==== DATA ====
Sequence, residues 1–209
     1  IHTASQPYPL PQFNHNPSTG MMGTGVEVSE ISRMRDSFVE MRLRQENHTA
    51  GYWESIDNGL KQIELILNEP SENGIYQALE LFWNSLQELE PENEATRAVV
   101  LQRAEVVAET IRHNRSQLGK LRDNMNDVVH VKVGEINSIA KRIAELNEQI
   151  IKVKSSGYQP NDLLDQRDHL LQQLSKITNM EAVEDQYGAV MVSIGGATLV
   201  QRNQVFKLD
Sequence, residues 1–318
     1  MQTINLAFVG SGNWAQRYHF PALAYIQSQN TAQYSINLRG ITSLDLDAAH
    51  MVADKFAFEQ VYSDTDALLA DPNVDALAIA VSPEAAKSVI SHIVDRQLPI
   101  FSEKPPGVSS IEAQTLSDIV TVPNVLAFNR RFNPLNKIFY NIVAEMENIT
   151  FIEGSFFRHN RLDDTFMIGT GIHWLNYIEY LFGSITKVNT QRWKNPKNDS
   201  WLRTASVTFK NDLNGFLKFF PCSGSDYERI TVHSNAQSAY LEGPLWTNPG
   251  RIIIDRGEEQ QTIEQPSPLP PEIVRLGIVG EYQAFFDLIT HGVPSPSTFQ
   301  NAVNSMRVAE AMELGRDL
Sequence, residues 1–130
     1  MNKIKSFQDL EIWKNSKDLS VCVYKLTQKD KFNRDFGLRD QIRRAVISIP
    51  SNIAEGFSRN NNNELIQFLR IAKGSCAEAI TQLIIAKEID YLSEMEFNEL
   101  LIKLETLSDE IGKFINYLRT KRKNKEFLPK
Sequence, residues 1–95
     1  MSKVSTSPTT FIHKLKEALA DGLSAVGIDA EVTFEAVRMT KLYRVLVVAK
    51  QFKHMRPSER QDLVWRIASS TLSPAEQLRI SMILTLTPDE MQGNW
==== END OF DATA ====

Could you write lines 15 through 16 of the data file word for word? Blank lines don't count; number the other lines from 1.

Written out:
Sequence, residues 1–130
     1  MNKIKSFQDL EIWKNSKDLS VCVYKLTQKD KFNRDFGLRD QIRRAVISIP